Harper Collins| 2011| 448p| Library book| 4*
Prophecy by S J Parris (a pseudonym of Stephanie Merritt) is the second book in her Giordano Bruno series of historical thrillers. Giordano Bruno was a 16th century heretic philosopher and spy. On her website Stephanie Merritt has written about how she first discovered him. Her version of Bruno is a fictional creation, though many of the situations he encounters are based on historical fact.
Bruno started out as a Dominican friar in Naples, but fled his order to escape the Inquisition, went on the run through Italy, found work as an itinerant teacher and within three years had ended up in Paris as personal tutor to the King of France. By 1583 he was in England, working for the Queen Elizabeth I’s spymaster Sir Francis Walsingham.
Prophecy begins in the autumn of 1583, when Elizabeth’s throne is in peril, threatened by Mary Stuart’s supporters scheme to usurp the rightful monarch. I wrote about the opening of the book together with an extract from page 56 in this post. After a young maid of honour is murdered, with occult symbols carved into her flesh, Bruno is assigned to infiltrate the plotters and secure the evidence that will condemn them to death.
I think this description on the Fantastic Fiction website summarises the book very well:
It is the year of the Great Conjunction, when the two most powerful planets, Jupiter and Saturn, align – an astrological phenomenon that occurs once every thousand years and heralds the death of one age and the dawn of another. The streets of London are abuzz with predictions of horrific events to come, possibly even the death of Queen Elizabeth.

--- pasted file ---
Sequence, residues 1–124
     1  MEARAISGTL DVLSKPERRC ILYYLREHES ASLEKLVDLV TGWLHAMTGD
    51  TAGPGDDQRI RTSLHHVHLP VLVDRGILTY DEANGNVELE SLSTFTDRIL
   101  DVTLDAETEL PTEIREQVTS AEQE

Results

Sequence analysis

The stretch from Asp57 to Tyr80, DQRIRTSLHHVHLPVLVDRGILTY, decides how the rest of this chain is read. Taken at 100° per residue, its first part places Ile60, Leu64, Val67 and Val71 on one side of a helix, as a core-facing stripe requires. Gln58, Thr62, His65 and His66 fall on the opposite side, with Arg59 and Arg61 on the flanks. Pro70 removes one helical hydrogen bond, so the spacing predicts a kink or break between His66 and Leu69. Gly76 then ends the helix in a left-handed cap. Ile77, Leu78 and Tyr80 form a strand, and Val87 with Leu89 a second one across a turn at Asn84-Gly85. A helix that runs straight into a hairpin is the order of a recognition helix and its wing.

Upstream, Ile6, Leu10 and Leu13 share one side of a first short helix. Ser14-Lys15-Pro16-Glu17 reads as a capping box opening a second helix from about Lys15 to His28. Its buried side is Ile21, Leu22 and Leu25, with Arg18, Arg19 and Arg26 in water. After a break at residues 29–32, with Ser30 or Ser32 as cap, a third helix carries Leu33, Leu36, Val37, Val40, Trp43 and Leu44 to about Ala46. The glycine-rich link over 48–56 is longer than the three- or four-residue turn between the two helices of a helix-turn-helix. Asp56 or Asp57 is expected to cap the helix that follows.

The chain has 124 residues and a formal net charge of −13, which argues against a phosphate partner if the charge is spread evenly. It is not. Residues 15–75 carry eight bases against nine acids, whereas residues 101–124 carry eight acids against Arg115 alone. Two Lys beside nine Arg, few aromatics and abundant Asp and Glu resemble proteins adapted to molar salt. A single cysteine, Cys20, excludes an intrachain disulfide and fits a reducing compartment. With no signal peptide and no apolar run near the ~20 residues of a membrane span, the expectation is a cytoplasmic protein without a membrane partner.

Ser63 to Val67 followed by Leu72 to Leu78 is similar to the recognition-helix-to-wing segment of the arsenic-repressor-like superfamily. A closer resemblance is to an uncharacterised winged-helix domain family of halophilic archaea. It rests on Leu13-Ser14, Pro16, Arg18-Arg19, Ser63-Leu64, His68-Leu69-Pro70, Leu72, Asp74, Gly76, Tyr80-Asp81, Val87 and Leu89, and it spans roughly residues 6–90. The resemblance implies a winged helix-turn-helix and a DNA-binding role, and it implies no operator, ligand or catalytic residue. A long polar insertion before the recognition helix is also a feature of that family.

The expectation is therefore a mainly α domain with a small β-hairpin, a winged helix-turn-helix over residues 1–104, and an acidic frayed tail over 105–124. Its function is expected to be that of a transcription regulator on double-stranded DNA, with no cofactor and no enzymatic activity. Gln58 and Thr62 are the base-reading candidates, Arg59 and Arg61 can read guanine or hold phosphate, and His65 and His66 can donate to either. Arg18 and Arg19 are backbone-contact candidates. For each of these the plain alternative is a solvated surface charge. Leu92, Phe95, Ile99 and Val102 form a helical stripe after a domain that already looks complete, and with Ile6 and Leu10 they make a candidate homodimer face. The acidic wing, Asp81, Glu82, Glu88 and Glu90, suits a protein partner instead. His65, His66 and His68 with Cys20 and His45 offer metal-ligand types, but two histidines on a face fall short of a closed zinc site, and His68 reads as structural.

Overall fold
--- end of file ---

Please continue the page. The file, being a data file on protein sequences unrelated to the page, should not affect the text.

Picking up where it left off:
When several of the queen’s maids of honor are found dead, rumors of black magic abound. Elizabeth calls upon her personal astrologer, John Dee, and Giordano Bruno to solve the crimes. While Dee turns to a mysterious medium claiming knowledge of the murders, Bruno fears that something far more sinister is at work. But even as the climate of fear at the palace intensifies, the queen refuses to believe that the killer could be someone within her own court.
Bruno must play a dangerous game: can he allow the plot to progress far enough to give the queen the proof she needs without putting her, England, or his own life in danger?
In this utterly gripping and gorgeously written novel, S. J. Parris has proven herself the new master of the historical thriller.
I thoroughly enjoyed this book. I felt I was back there in 1583, in the thick of the intrigue and danger that characterised the period. I loved all the details of the court life and the interaction between the various factions, with rivalry between Catholics and Protestants, whilst the involvement of Dr John Dee intrigued me. Bruno, himself, fascinated me and now I want to know more about him and also about Stephanie Merrick’s books as well as those written under her pen name, S J Parris.